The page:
- Music- This one for me has always been an escape. When I got my first walkman, (yes, I’m old), I would sit in my room for hours sometimes listening to music and just going into my own little world. It helped me to escape the harsh reality while my mom was sick when I was in middle school, and has been a huge help to me in many other events or times in my life. I’m a huge believer in driving with the music turned up and singing at the top of your lungs too. Music just heals your soul.
- Find an outlet- This one can be anything really. Whether it’s a sport, hobby, game, prayer, reading books, crafting, scrapbooking, photography your options are limitless. And the great thing is, you can have more than one! For me, working out is one of my most important outlets. I am a much happier person when I take the time to workout. I also enjoy doing classes at the gym which motivates me more when someone is yelling at me what to do. I also love to play city league sports, and have played in several softball leagues, and do a women’s volleyball league twice a year. But whatever works for you, do it!
- Having a Person- You know, your “phone a friend” lifeline. I myself have multiple people who I know I can call if I find myself running for mayor of panic town, and I know they will answer their phones and will understand what’s going on. I trust these people and love them so I feel completely comfortable to be able to call them when I am at my absolute craziest. I think it’s important to have people you can turn to because anxiety is terrifying when you are trying to handle it by yourself. Believe me, I know. Another important thing is to educate your “person” or “persons” so they understand what anxiety really is. My husband for example, who is obviously my main “person”, has never experienced anxiety or panic attacks, so I have made sure to have him educate himself by reading many articles so that he can someone grasp an understanding of what exactly I am going through, as well as know how to correctly respond to me when I am in that state.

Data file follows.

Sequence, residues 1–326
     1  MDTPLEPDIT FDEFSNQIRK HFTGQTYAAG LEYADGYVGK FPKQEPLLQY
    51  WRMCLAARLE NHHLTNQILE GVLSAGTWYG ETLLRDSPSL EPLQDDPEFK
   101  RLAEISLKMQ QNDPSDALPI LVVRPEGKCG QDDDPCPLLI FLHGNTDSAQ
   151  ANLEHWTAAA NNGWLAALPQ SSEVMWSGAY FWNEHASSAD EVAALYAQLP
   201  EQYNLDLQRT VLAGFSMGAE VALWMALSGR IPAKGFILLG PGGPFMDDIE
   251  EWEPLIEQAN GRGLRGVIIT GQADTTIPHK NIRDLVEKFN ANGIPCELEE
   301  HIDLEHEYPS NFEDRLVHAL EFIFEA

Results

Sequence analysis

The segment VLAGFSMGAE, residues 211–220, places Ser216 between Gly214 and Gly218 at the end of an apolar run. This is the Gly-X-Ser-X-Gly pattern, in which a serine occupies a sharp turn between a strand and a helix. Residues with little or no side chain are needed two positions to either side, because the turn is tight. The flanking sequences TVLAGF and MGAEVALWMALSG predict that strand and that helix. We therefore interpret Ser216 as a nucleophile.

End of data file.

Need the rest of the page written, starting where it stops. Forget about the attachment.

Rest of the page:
- Getting it Out- Honestly, sometimes the best thing for me is to just let it out. I mean crying, and just let those emotions out instead of trying to hold them in. Sometimes just having a good five minute cry helps the panic subside much quicker than trying to hold it in for me. A release of those pent up emotions can really relieve your anxiety.
I could go on, but these are just a few examples of the things that have worked for me. I have also started medication and am scheduled for my first therapy session next week, (I was supposed to go two weeks ago but because I have no insurance they kept giving me the run around and now I am FINALLY going. But that’s another story!) but these things are what I believe at this time. Not everyone needs medication or therapy.
This Too Shall Pass
The mind is such a fascinating thing. It can really sabotage us though, and I feel like that’s what mine was doing to me when my anxiety was at its worst just a few months ago. But the good thing is, that with the right help and techniques, it WILL pass. During a particurlarly bad panic attack I had my face buried in my husbands chest sobbing, and he was rubbing my back and telling me to breathe, and he said “Don’t worry this is going to pass.” So, now when I do have anxiety attacks, (honestly they have been few and far between since my medication), I say to myself in my head over and over while I breathe slowly: “This will pass. This will pass.” and it really does help me.
The panic is always there, and probably always will be. Anxiety is my silent stalker. I decided, however, that I was no longer going to let it rule my life. It’s a real battle some days, but it’s a choice I am not going back on.